As Americans still await details about vaccine distribution plans, dry ice companies are gearing up for a surge in demand. The vaccines will require ultra-cold temps for shipping & storage, and dry ice is crucial to the supply chain. Public health experts say the plan is to use dry ice in storage containers to distribute the vaccine as a substitute for building large freezers. Dry ice companies are preparing for a busy 2021 by increasing liquid carbon dioxide storage, production equipment, and shipping container inventory. Concerns remain that even if the supply is efficient, issues with the supply chain could delay shipments and keep available vaccines from meeting the demand. Another concern: dry ice, which emits carbon dioxide, can be a very serious hazard in a small space that isn't well-ventilated and can lead to combustion.


FL police raided the home of a fmr state health employee who built FL's highly-praised Coronavirus dashboard but was fired back in May for insubordination, which she claims was actually her "refusing to manipulate COVID-19 data." Rebekah Jones tweeted video of police entering her home with guns drawn yesterday morning, executing a search warrant while her husband & children were upstairs. The state accuses Jones of hacking into a Dept of Health messaging system, a claim she denies. After Jones was fired, she started her own COVID dashboard to report what she says are FL's "real numbers." In an interview last night after her release, Jones said she thinks the police aren't actually even after her; they wanted her phone to see which current DOH employees have been anonymously supplying her with information.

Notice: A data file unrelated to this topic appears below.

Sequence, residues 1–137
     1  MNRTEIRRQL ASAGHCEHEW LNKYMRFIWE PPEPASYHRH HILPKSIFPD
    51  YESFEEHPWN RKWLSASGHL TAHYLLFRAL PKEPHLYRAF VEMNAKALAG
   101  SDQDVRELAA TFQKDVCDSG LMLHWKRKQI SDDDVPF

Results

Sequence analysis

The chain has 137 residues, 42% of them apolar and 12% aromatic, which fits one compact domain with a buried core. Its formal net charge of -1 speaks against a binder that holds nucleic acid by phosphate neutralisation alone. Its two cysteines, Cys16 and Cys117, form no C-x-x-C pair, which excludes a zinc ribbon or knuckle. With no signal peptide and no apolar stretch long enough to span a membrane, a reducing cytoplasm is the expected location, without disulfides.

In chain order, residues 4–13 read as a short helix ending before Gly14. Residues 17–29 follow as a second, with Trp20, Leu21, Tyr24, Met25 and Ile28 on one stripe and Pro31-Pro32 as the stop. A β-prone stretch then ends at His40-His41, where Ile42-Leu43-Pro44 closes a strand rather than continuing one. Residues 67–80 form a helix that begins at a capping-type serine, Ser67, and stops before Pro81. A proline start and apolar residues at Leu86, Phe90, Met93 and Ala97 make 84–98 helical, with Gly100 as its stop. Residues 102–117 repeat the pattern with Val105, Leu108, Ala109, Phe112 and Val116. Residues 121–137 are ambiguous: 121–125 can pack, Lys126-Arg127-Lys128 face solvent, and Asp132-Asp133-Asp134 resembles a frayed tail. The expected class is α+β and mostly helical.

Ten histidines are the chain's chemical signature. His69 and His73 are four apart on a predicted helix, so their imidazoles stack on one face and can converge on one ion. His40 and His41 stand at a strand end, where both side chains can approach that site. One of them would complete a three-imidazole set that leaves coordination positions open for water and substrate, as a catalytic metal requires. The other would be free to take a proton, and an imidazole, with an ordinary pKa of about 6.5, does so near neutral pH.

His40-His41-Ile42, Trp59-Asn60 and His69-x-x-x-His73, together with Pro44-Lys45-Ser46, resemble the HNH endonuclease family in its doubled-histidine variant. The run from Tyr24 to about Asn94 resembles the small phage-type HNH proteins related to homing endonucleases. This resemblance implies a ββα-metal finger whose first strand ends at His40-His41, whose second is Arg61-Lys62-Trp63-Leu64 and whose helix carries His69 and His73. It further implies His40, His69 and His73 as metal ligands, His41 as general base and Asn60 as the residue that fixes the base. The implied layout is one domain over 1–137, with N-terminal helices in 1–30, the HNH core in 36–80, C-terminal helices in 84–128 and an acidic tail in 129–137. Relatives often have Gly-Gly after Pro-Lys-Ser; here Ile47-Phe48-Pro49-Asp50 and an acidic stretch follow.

More than 1 million absentee ballots have already been requested for Georgia's Senate runoffs next month, which is 75 percent of the total absentee ballots requested in the November 3 presidential election. Gabriel Sterling, a top Georgia election official, said at a news conference Monday that 1,037,172 absentee ballot applications have been put into the voter registration system. There are an additional 39,259 ballots that are on the dashboard for the online request process, bringing the total to 1,076,431. According to Sterling, more than 43,000 absentee ballots have been returned and accepted by counties around the state. Data from the secretary of state's office showed 628,505 of the current requests are from the rollover list, which includes people over the age of 65, the disabled and military voters who can check a box on their first absentee ballot application each year and have an absentee ballot sent to them automatically for every election in that year. Georgia state law says that absentee ballots can be requested through the Friday before the election, which means registered voters can request their mail-in ballot up until January 1, 2021. The runoff election will take place on January 5.


Police in Nashville, TN, are trying to find any suspects who shot and killed a nurse on a highway last Thursday night. Someone fired shots into the car of 26-yr-old Kaitlyn Kaufman as she drove to work, headed for a night shift that would start at 7pm. The victim's mother spoke at a news conference yesterday, saying Kaufman was a devoted health care worker with no enemies. Her mother said she couldn't understand why anyone would have attacked Kaufman. Police are asking anyone who was on the highway that night to call in with any information that could help in the investigation.


-Iran is claiming that a satellite controlled machine gun killed top nuclear scientist Mohsen Fakhrizadeh outside of Tehran last month.

-State media outlets claim facial recognition technology was used in the attack that is being blamed on Israel.

-The reports come as Iran’s Foreign Ministry spokesman said overnight that the Islamic Republic is happy the US Navy is acknowledging the messaging put forward by the Iranian military.